Many biological investigations are organized around a small group of species, often referred to as ‘model organisms’, such as the fruit fly Drosophila melanogaster. The terms ‘model’ and ‘modelling’ also occur in biology in association with mathematical and mechanistic theorizing, as in the Lotka–Volterra model of predator-prey dynamics. What is the relation between theoretical models and model organisms? Are these models in the same sense? We offer an account on which the two practices are shown to have different epistemic characters. (...)
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  7. Knowledge on Affective Trust.Arnon Keren - 2012 - Abstracta 6 (S6):33-46.
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  8. Information in Biology: A Fictionalist Account.Arnon Levy - 2011 - Noûs 45 (4):640-657.
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  9. What Was Hodgkin and Huxley's Achievement?Arnon Levy - 2013 - British Journal for the Philosophy of Science (3):axs043.
    The Hodgkin–Huxley (HH) model of the action potential is a theoretical pillar of modern neurobiology. In a number of recent publications, Carl Craver ([2006], [2007], [2008]) has argued that the model is explanatorily deficient because it does not reveal enough about underlying molecular mechanisms. I offer an alternative picture of the HH model, according to which it deliberately abstracts from molecular specifics. By doing so, the model explains whole-cell behaviour as the product of a mass of underlying low-level events. The (...)
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  10. Models, Fictions, and Realism: Two Packages.Arnon Levy - 2012 - Philosophy of Science 79 (5):738-748.
    Some philosophers of science – the present author included – appeal to fiction as an interpretation of the practice of modeling. This raises the specter of an incompatibility with realism, since fiction-making is essentially non-truth-regulated. I argue that the prima facie conflict can be resolved in two ways, each involving a distinct notion of fiction and a corresponding formulation of realism. The main goal of the paper is to describe these two packages. Toward the end I comment on how to (...)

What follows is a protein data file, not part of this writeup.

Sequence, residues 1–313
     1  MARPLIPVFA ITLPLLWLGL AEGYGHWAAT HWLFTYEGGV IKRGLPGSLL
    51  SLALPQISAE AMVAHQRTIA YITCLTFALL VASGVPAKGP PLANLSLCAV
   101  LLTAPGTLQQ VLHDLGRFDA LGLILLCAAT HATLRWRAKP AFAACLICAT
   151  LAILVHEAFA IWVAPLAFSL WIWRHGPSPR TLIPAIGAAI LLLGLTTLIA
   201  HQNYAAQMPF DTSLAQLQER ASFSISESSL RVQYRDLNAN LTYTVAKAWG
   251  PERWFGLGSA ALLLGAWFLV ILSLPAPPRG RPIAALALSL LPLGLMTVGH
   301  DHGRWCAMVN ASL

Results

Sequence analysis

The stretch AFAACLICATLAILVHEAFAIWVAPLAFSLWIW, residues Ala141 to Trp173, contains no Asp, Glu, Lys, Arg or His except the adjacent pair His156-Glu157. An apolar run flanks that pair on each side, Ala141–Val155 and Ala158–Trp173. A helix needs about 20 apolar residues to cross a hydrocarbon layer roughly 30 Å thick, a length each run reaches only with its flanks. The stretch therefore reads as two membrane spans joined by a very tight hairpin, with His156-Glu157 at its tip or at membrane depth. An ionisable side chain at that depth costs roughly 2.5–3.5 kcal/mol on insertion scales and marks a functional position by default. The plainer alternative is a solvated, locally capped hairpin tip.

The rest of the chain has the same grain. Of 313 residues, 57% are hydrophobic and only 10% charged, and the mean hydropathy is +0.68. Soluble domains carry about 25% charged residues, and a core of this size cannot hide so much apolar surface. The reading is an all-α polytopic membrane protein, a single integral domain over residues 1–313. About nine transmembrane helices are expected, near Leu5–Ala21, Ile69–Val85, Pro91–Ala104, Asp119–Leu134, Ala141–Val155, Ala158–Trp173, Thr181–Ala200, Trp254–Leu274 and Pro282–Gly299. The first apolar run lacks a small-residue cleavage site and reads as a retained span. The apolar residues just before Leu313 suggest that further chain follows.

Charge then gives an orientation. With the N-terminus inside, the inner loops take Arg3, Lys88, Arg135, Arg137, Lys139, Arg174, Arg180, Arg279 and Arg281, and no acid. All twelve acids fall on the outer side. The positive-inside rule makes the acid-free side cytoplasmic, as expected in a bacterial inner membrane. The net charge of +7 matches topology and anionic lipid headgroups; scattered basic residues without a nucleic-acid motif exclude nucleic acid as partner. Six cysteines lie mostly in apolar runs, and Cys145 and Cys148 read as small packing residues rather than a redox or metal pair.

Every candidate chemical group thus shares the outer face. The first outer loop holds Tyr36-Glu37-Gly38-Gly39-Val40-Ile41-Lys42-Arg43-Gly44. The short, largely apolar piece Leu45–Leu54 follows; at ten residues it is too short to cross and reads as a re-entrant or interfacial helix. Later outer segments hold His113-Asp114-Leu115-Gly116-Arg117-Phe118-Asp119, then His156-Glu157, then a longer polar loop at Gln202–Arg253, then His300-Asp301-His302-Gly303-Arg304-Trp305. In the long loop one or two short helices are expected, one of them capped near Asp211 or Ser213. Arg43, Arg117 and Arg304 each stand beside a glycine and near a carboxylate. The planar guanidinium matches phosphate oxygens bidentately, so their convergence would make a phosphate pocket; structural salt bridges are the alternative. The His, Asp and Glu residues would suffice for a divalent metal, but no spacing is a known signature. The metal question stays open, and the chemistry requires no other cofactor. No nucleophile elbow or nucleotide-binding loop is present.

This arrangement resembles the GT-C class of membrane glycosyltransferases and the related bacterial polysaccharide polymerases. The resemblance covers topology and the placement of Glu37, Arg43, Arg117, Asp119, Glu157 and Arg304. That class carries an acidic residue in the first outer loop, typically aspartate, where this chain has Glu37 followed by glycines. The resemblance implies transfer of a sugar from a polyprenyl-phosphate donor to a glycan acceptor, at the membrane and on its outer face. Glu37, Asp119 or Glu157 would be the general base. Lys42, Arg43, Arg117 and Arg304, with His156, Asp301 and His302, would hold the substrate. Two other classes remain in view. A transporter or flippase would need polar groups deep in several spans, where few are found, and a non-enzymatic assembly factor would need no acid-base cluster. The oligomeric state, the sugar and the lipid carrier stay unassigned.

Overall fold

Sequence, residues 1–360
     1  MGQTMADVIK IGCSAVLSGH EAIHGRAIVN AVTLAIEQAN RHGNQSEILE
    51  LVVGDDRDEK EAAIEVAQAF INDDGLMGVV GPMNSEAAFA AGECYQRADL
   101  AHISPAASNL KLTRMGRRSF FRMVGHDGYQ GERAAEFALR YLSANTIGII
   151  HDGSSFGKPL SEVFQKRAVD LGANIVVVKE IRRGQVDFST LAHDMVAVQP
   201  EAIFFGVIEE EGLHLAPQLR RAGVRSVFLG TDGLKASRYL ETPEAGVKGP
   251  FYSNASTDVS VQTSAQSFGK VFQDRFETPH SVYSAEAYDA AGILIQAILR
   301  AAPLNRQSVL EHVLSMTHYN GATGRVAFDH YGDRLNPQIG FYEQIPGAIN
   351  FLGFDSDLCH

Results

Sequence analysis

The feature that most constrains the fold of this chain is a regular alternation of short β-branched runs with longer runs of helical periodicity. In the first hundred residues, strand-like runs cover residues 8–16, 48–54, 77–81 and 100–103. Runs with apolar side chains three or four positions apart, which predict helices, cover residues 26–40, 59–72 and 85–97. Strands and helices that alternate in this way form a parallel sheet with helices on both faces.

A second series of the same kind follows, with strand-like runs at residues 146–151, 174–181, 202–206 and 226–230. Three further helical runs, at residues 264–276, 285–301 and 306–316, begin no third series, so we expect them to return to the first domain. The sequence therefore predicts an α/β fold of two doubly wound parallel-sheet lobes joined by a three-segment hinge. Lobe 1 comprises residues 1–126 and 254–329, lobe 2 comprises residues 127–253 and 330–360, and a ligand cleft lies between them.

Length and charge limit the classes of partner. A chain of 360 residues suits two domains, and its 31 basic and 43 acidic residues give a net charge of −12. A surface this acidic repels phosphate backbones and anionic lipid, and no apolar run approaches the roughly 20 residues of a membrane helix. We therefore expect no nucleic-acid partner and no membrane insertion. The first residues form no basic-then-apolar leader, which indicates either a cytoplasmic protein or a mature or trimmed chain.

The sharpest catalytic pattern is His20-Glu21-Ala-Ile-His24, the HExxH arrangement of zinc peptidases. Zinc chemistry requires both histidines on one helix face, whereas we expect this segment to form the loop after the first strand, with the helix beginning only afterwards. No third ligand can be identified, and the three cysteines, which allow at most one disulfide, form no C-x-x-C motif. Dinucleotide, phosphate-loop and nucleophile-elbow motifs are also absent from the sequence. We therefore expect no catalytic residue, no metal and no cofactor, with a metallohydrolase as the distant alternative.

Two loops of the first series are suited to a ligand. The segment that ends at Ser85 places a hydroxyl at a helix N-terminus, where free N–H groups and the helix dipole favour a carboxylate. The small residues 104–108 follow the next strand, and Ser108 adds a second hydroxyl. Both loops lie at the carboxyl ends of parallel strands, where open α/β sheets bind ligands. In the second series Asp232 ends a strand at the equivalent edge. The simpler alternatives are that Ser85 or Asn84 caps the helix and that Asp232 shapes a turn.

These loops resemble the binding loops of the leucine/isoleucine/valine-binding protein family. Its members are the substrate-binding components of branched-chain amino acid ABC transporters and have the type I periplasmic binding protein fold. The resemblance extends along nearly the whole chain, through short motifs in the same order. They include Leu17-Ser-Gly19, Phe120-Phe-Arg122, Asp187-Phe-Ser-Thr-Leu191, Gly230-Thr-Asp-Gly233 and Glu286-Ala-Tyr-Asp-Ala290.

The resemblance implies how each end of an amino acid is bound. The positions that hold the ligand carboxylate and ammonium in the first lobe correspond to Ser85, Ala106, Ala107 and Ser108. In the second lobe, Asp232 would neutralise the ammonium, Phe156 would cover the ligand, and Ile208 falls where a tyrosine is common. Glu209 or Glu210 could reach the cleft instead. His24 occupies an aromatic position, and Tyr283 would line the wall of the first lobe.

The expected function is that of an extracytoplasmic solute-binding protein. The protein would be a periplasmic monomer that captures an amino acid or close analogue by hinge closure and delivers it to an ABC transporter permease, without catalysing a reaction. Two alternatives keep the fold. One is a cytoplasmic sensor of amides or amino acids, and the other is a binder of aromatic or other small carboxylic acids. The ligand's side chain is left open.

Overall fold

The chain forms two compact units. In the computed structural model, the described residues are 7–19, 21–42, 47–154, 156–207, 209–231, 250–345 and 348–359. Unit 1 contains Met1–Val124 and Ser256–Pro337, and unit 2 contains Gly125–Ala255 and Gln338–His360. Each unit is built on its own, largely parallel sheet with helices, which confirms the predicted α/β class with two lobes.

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  11. Game Theory, Indirect Modeling, and the Origin of Morality.Arnon Levy - 2011 - Journal of Philosophy 108 (4):171-187.
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  12. Kitcher on Well-Ordered Science: Should Science Be Measured Against the Outcomes of Ideal Democratic Deliberation?Arnon Keren - 2013 - Theoria : An International Journal for Theory, History and Fundations of Science 28 (2):233-244.
    What should the goals of scientific inquiry be? What questions should scientists investigate, and how should our resources be distributed between different lines of investigation? Philip Kitcher has suggested that we should answer these questions by appealing to an ideal based on the consideration of hypothetical democratic deliberations under ideal circumstances. The paper argues that we have no reason to adopt this ideal. The paper examines both traditional arguments for democracy and Kitcher's own reasons for adopting this ideal, as presented (...)
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  13. Evolutionary Models and the Normative Significance of Stability.Arnon Levy - 2018 - Biology and Philosophy 33 (5-6):33.
    Many have expected that understanding the evolution of norms should, in some way, bear on our first-order normative outlook: How norms evolve should shape which norms we accept. But recent philosophy has not done much to shore up this expectation. Most existing discussions of evolution and norms either jump headlong into the is/ought gap or else target meta-ethical issues, such as the objectivity of norms. My aim in this paper is to sketch a different way in which evolutionary considerations can (...)